After Seattle, the SWP took the opportunity to launch GR as a “united front of a special kind” which it would use to build the anticapitalist movement. The founding conference brought together 1,500 young activists. The time was certainly right to build a broad movement based on campaigning initiatives and direct action and drawing in youth and student organisations, community groups, immigrants and trade unions i.e. a real united front that turned the youth to the trade unions and based itself on the mobilisation of action on the streets. Early on, it organised direct action protests against banks and the presence in London of arch neo-conservative Henry Kissinger from the United States.

However, the SWP soon began to exert tight bureaucratic control over GR’s work. This naturally excluded the anarchists and libertarians, who had played an important role in the movement against the Criminal Justice Bill, Reclaim the Streets and the Stop the City “riots” of 18 June 1999. The SWP was unwilling to compete ideologically with the anarchists because that would go against the party’s understanding of the united front as a politically homogenous (reformist) organisation in which they would suppress their own subjectively revolutionary politics and advocate a reformist policy. Instead, its leaders created a bureaucratic facade of an anticapitalist movement and then equipped it with a brand name, a logo, an office, a full timer and a steering committee, although the latter did little to actually steer the organisation.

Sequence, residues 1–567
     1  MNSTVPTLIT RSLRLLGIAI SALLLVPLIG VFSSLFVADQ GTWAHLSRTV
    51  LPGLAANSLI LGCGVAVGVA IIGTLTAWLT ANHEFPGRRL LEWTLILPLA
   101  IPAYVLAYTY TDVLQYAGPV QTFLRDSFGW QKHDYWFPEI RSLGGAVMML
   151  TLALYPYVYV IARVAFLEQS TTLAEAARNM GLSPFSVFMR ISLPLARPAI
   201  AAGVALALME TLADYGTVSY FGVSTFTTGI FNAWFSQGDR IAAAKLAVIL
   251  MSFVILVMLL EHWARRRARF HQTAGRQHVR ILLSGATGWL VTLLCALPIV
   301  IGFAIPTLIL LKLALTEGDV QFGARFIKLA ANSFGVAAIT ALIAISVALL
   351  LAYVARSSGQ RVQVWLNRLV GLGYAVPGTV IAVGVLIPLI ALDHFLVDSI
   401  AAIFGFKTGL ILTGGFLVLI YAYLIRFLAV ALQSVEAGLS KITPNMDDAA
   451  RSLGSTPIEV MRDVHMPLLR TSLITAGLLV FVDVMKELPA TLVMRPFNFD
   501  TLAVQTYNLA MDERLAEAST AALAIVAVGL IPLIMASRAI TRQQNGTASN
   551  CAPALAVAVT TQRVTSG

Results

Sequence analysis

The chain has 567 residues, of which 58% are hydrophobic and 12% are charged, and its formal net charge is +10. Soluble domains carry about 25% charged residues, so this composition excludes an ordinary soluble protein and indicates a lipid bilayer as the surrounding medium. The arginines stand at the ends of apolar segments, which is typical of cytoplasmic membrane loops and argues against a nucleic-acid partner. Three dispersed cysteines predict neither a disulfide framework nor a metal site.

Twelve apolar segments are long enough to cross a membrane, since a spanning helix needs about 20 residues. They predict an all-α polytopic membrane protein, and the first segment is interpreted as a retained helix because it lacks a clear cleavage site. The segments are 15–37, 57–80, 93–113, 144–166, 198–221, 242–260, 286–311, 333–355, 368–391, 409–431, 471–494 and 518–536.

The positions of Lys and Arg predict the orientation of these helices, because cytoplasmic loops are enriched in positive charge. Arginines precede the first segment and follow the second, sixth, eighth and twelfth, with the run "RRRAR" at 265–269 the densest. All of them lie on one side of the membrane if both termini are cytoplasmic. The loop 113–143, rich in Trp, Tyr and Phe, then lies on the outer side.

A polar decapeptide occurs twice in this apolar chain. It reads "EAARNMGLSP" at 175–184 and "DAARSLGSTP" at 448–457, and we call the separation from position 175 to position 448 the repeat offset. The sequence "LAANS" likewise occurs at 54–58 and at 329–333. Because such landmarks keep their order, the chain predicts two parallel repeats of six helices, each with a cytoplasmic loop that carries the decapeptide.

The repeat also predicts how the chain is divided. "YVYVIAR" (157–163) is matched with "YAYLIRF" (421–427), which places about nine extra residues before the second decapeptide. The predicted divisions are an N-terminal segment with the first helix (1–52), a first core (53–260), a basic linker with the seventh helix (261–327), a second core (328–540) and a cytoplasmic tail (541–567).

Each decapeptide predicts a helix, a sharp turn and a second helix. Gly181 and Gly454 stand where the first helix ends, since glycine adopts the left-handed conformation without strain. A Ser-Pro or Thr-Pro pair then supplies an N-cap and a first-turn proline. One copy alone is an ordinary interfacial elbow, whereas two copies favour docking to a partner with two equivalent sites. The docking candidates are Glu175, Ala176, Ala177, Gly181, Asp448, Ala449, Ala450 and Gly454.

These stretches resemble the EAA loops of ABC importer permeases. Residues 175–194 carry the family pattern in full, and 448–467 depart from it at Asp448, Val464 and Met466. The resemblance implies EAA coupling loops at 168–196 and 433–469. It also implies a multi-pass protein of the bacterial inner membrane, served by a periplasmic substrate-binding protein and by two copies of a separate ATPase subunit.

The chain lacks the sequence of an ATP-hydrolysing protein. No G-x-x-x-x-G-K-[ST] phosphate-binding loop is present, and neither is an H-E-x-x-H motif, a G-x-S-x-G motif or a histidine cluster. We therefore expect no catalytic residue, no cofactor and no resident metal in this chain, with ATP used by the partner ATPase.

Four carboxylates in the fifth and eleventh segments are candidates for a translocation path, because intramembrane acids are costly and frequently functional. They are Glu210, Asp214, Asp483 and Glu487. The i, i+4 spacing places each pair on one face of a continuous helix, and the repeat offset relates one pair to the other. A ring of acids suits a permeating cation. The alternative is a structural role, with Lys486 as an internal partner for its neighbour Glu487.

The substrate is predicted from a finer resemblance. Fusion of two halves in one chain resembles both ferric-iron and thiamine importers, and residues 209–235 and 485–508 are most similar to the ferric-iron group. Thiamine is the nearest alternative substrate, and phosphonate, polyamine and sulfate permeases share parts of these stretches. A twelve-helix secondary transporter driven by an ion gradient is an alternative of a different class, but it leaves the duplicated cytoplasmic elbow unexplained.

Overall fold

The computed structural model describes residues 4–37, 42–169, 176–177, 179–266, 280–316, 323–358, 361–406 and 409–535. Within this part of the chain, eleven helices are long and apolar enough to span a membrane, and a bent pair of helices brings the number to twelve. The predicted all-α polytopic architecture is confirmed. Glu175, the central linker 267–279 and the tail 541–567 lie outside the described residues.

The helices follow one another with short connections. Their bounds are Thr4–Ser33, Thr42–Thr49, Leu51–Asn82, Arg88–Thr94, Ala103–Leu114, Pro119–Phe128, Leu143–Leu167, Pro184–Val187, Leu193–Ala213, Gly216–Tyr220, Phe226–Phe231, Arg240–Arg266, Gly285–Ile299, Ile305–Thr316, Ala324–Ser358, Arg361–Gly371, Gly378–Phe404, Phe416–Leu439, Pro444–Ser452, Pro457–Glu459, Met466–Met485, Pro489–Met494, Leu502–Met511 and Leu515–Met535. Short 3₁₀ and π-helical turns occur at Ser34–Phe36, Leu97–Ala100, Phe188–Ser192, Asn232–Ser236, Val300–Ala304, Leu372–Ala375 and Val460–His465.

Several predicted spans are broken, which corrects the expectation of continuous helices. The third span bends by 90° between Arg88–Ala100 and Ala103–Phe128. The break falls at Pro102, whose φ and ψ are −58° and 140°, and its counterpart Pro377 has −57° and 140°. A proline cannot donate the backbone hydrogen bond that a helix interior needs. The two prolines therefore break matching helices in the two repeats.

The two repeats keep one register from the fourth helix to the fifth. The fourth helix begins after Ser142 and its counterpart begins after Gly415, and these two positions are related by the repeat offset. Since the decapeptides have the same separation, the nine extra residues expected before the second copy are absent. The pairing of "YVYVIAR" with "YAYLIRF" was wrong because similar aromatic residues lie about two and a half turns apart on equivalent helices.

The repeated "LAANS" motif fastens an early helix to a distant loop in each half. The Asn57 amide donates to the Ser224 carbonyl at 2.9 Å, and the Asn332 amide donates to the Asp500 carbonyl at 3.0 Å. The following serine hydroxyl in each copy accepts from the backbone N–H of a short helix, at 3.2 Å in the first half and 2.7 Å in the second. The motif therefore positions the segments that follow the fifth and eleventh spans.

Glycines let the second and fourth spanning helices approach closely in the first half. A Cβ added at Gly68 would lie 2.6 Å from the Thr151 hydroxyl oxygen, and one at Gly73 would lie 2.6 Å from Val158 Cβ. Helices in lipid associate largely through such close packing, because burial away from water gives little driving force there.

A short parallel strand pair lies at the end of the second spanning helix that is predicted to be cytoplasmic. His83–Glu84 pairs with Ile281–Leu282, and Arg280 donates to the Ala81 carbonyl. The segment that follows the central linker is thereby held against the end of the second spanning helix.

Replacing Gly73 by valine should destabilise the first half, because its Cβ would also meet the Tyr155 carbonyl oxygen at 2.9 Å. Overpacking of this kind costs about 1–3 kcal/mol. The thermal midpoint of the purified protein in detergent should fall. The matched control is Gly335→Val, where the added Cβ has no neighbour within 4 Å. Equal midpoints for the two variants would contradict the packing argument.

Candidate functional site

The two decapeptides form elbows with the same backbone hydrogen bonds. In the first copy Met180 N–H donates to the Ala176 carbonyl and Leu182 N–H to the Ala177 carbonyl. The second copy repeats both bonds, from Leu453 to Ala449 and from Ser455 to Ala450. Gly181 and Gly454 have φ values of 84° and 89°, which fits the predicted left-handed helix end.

The SWP alternately rolled out or “parked” GR according to its own priorities. This soon led to their allies, radical NGOs, journalists like George Monbiot, and the Green Party, withdrawing, bitterly complaining about the SWP’s bureaucratic stranglehold. The SWP full timers, who represented GR in the media, put forward a classless democratic anticapitalism devoid of any socialist content. Globalise Resistance has now lost the few active branches it ever had and the last two conferences have gathered together merely 150 people - the vast majority of them SWP members.